The Bruins closed out the scoring with a pair of power play goals to end the second period. The first goal was a tic-tac-toe passing play. Dennis Wideman passed to Michael Ryder in the left face off circle and he went cross ice to Marc Savard who's wrist shot went high into the net before Price could get from post to post. At 4-1 the Bruins were rolling and in complete control of the game. On the last goal of the game, the Canadiens dumped the puck down to Thomas and he noticed the penalty killers changing. With time in the period runnning down, he fired the puck towards center ice where Marc Savard carried it over the blueline and he chipped a pass to Michael Ryder. The pass was a beauty. He literally dropped it on Ryder's tape. Ryder's shot with 2.3 seconds to go beat Price high to the glove side and the rout was on. When speaking with Thomas after the game about the time left in the period and on scoring an assist on the play, he said, “I didn’t know whether they gave it to me in the first place. I didn’t really, it doesn’t really matter. I don’t have any bonuses for assists. I looked up, I saw that it was 15 seconds left right before the turnover, and I was kind of watching the puck and the clock at the same time, saw that there was 12 seconds left, and, so, yeah. I don’t know, by the time I got the pass off, I couldn’t look at the clock then, but I knew there was just enough time to at least get it down into their zone. I didn’t know if we were just going to dump it in to kill off the clock or what.”
To start the third period, Jaroslav Halak replaced Price in the Canadien net. He was tested early when Savard cut through the slot and dished a pass to P.J. Axelsson at the side of the net. Halak made a great glove save and he was perfect on all five Bruin shots in the third.
There were a couple rough moments in the final ten minutes of the game. The first, with 9:57 to go Josh Gorges challenged Patrice Bergeron at center ice. Bergy, known more for his soft hands and velvet touch passing, was willing to throw punches and he threw four stinging lefts to Gorges' head knocking him down and the two of them falling in a heap before the linsemen came in and cleaned up the combatants. With four and a half minutes remaining, Maxim Lapierre and Milan Lucic got t
heir sticks up. Lucic was battling with Matthew Schneider when Lapierre came to Schneider's aide. Lucic wasn't available after the game but I thought he went too far as he got his stick up in Lapierre's face. This got Mike Komisarek's attention and he and every other Canadien chased Lucic behind the net where tempers flared but not fights came out of. Lucic was given two minutes for cross checking and a ten minute match penalty. There was some discussion as t o the possibility of a suspension for Lucic and coach Julien was in full damage control at his press conference. When asked about the Bruins losing their discipline, the coach replied with the following, “No. Obviously you’re tip-toeing around the question that everybody wants to ask. [Milan] Lucic’s situation, obviously, he might have lost his composure a little bit in that area, but you have to remember he got elbowed in the head and then high-sticked by [Mathieu] Schneider, and then [Maxim] Lapierre comes in – Lapierre, who’s been an instigator throughout the whole series, and even during the regular season – and what Luch did is react at him coming at him. It wasn’t pre-meditated, and, in reviewing it, he hit him with his glove. He had his stick in his hands, but the glove hit the helmet. Had the stick hit him in the head, I think Lapeirre would have been down, but Lapierre stayed up and kept going at Luch. If there’s one thing, I know it certainly wasn’t pre-meditated. We all saw the [Mike] Cammalleri incident, and nothing happened there, so I just think that, you know, it was certainly not pre-meditated, and it was more about protecting himself, and in reviewing, the glove is what hit him in the helmet.”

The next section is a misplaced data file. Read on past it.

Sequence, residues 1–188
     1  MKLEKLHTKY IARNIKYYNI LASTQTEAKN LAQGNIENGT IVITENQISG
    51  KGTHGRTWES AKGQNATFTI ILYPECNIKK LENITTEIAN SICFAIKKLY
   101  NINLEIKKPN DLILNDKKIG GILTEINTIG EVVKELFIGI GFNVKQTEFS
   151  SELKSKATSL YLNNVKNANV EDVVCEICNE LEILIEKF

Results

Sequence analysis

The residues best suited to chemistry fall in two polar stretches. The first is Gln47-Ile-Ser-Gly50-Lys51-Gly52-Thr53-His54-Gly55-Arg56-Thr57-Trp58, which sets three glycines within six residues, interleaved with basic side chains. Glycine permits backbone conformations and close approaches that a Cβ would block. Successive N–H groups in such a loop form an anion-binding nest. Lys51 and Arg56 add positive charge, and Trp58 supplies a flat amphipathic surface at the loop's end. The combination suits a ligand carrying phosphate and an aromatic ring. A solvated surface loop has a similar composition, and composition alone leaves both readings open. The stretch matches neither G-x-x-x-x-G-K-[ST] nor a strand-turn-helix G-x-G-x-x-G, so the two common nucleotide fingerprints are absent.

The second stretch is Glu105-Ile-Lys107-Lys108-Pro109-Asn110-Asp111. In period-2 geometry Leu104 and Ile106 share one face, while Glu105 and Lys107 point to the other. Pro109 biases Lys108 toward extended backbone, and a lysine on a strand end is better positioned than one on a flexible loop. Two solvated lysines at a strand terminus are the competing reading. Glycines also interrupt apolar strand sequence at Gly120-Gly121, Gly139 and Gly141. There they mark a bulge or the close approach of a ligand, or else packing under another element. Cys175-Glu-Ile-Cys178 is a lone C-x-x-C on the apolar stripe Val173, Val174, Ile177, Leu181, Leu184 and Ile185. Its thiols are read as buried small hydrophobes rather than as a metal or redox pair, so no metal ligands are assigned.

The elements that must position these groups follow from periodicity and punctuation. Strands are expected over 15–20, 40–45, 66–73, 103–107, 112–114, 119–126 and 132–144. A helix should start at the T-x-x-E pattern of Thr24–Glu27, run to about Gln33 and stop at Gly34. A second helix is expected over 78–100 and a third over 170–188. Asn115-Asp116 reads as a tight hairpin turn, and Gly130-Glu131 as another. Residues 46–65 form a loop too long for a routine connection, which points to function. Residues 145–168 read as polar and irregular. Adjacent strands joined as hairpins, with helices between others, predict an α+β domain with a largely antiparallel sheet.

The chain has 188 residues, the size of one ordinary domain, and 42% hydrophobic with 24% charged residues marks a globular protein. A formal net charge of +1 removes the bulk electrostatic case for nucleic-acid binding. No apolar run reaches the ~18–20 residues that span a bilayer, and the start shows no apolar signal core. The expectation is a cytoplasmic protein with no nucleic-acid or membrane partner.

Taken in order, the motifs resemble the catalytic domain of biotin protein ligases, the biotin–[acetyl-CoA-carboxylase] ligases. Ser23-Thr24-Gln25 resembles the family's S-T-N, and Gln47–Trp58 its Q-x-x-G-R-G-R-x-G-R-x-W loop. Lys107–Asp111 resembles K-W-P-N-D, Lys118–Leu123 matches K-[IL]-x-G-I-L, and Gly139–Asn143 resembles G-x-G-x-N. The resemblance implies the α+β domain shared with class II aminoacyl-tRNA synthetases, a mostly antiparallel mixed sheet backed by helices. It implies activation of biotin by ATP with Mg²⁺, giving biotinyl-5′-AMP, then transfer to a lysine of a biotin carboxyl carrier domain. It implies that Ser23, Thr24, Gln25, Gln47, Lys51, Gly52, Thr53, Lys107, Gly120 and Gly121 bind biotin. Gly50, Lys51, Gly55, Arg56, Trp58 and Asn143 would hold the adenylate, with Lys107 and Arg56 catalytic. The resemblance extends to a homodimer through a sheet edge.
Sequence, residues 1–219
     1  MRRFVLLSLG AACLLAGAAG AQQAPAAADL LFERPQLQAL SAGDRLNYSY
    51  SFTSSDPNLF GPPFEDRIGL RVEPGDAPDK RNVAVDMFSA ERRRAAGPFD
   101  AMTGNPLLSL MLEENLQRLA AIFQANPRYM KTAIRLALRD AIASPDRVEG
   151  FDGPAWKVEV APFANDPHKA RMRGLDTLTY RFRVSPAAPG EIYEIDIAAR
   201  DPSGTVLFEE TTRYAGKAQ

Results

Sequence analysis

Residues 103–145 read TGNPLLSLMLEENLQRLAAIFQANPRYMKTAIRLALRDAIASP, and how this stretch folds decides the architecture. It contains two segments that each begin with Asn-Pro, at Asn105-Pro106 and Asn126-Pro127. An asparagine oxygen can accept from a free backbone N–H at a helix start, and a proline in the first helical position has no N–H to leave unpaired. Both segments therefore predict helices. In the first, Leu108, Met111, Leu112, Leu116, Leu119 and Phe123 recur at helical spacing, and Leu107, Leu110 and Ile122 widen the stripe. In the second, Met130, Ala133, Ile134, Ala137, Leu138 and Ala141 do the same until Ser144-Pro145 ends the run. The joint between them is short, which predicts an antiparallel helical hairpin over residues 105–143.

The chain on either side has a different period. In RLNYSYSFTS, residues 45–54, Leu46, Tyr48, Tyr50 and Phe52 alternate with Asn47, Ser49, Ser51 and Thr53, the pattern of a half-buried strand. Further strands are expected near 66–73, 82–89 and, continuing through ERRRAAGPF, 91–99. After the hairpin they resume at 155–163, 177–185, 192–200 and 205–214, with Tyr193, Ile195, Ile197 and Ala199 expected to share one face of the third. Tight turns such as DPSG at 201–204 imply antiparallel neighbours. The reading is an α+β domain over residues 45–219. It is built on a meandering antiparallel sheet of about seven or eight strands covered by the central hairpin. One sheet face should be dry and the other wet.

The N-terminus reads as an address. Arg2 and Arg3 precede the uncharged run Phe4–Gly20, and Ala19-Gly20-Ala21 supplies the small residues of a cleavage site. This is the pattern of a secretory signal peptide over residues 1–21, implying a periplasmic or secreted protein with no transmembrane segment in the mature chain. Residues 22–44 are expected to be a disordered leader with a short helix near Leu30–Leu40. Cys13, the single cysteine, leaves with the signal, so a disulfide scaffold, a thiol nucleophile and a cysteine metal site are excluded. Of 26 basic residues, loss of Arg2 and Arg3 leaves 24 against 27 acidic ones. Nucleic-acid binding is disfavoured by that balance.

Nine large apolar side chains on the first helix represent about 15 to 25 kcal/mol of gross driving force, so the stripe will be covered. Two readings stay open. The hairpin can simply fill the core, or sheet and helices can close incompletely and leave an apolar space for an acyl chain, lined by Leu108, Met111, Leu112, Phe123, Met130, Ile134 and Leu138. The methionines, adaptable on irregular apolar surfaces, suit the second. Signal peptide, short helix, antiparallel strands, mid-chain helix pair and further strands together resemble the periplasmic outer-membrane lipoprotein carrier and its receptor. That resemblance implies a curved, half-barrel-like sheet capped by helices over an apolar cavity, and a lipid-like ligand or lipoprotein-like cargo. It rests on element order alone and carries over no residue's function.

One last point. At this time of year, special teams play is vital. Tonight, the B's were 3/5 (60%) on the power play and a perfect 1/1 on the penalty kill. For the series, the B's are 4/9 (44%) on the power play and a perfect 3/3 on the penalty kill.
Tonight's three stars
1 – Marc Savard with two goals and two assists. Savvy is the first Bruin with a four point playoff night since Adam Oates went 2G/2A on April 25, 1996 against the Florida Panther
2 – Michael Ryder with a goal and an assist. He's not saying anything pubically but I think he's really enjoying putting the Habs in the hole they are in right now.
3- Chuck Kobasew with what turned out to be the game winnig goal. The work he did on the cycle, the pass to Recchi and then following up Recchi's shot was just pure hard work. He took the hit to make the play on the Bruin first goal – that doesn't show up on the scoresheet. He was credited with 5 shots on goal and only one hit. I thought he was more physical but maybe he was just taking hits to make plays.
Next up is Game 3 from Montreal is Monday night
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Written by Jim Mulligan